IACMR Research Seminar Series #43

Topic: Firms’ Rhetorical Nationalism: Theory, Measurement, and Evidence from a Computational Analysis of Chinese Public Firms
Speaker: Lori (Qingyuan) Yue, Columbia Business School
Time: 9:00-10:15am, December 20, 2023 (Beijing time)
Language: Chinese
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In this paper, we develop a computational measure of the firm-level rhetorical nationalism. We first review the literature and develop a four-dimensional theoretical framework of nationalism relevant to firms: national pride, anti-foreign, dominant agenda, and corporate role. We then use machine-learning-based text analysis of over 41,000 annual reports of Chinese public firms from 2000 to 2020 and identify a dictionary of words for each dimension. Using a weighted ratio of nationalism-related words, we describe the overall picture of Chinese public firms’ rhetorical nationalism and provide the first empirical evidence regarding rising rhetorical nationalism among Chinese firms. Firms’ demonstration of rhetorical nationalism is related to both strategic and socialization factors; Firms that are SOEs, older, larger, more profitable, consumer-facing, with more individual investors and less income from overseas demonstrate a higher level of nationalism. Firms that demonstrate more rhetorical nationalism also have a better future financial return through increasing domestic profitability. Our study provides a theoretical framework for organizational study of nationalism and a new measure for firms’ rhetorical nationalism, and demonstrates that the rising rhetorical nationalism among Chinese firms is more strongly driven by firms’ motivations to appeal to domestic investors and consumers than to obtain government subsidies.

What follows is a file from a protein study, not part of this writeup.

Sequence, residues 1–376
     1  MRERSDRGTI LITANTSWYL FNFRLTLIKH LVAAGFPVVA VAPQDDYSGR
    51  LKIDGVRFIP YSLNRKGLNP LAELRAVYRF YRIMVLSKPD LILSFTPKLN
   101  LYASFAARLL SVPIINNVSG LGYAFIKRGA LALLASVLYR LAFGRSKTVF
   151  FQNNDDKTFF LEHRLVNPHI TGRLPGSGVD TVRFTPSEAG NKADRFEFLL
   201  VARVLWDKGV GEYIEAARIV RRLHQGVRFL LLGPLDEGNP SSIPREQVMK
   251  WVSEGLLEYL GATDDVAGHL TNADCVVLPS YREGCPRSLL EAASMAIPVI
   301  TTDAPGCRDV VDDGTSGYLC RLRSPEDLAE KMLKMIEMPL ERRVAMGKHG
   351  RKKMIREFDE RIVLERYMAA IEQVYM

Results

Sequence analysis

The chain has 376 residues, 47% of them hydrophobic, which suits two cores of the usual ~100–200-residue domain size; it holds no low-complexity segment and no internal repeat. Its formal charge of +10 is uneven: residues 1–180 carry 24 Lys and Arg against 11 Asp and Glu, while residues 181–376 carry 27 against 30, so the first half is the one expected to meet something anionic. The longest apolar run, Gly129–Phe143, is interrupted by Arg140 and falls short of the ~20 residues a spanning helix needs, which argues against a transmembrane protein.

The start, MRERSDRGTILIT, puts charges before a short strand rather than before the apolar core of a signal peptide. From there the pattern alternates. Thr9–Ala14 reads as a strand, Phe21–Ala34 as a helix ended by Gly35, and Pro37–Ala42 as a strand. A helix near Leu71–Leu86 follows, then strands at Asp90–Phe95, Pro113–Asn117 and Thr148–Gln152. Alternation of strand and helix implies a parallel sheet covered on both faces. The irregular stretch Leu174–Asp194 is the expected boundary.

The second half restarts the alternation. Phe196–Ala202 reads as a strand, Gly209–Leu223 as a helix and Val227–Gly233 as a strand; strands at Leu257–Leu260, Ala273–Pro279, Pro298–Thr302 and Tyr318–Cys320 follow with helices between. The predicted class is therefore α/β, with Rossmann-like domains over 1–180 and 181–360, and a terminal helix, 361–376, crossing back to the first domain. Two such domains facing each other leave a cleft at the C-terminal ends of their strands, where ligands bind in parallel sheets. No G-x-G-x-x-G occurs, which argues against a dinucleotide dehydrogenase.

Qingyuan (Lori) Yue is Associate Professor at the Management Division in Columbia Business School. Her research focuses on the relationship between business and society, especially regarding how organizations respond to contentious social environments and regulation uncertainty. She has published papers on industry self-regulation, business collective action, business responses to social movement, and corporate political strategies. Her recent research studies how firms, especially nascent industries that develop from technological innovations, adopt political strategies to shape regulation, and how firms respond to the grand challenges in the global context and also exert their own influences. One of her recent papers develops a computational measure of rhetorical nationalism at the firm level. Her research has been published in leading peer-reviewed scholarly journals. Her recent research awards include the Responsible Research in Business & Management (RRBM) Award in 2020 and the Rigor in Research Award by the Strategic Management Society in 2020. She was formerly an associate editor of Management Science, a consulting editor for the American Journal of Sociology, and the Chair of the Organizational Management and Theory Research Committee of the Academy of Management.

She teaches Top Management Process, a popular MBA and EMBA elective course about the role of general managers in the organization, strategy, and operation of both entrepreneurial and established firms. She previously served as a faculty member of the University of Southern California’s Marshall School of Business. There, she taught the undergraduate core course, Strategic Management, served as the course head, and led the course redesign. She also taught other short MBA courses and the PhD seminar of Organizational Theory, and won both teaching and research awards.